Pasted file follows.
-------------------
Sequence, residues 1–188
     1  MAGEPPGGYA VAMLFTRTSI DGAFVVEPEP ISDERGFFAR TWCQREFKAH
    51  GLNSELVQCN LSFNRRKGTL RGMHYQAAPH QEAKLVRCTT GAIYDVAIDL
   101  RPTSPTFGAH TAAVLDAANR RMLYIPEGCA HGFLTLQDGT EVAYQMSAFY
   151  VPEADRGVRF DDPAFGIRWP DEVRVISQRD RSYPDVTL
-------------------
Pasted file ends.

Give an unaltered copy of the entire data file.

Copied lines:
Sequence, residues 1–188
     1  MAGEPPGGYA VAMLFTRTSI DGAFVVEPEP ISDERGFFAR TWCQREFKAH
    51  GLNSELVQCN LSFNRRKGTL RGMHYQAAPH QEAKLVRCTT GAIYDVAIDL
   101  RPTSPTFGAH TAAVLDAANR RMLYIPEGCA HGFLTLQDGT EVAYQMSAFY
   151  VPEADRGVRF DDPAFGIRWP DEVRVISQRD RSYPDVTL